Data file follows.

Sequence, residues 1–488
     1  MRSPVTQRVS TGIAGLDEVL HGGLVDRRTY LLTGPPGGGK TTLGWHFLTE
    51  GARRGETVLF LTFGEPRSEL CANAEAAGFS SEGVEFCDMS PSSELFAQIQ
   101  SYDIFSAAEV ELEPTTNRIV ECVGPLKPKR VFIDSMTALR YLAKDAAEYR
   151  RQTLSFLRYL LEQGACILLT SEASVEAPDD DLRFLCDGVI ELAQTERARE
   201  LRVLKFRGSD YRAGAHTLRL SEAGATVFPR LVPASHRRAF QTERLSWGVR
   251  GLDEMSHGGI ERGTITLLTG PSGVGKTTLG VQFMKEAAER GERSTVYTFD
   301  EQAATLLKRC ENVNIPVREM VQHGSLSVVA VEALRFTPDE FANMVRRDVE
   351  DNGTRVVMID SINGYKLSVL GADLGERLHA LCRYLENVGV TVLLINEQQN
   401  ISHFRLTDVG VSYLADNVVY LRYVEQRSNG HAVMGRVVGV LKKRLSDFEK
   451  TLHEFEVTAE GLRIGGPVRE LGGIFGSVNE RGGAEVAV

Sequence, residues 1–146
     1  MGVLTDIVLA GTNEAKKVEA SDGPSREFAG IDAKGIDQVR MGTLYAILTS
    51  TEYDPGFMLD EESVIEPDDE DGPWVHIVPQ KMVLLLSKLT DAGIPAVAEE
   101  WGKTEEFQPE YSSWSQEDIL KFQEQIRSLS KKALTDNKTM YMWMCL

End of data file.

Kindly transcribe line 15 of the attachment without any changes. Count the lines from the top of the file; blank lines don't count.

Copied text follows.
   101  WGKTEEFQPE YSSWSQEDIL KFQEQIRSLS KKALTDNKTM YMWMCL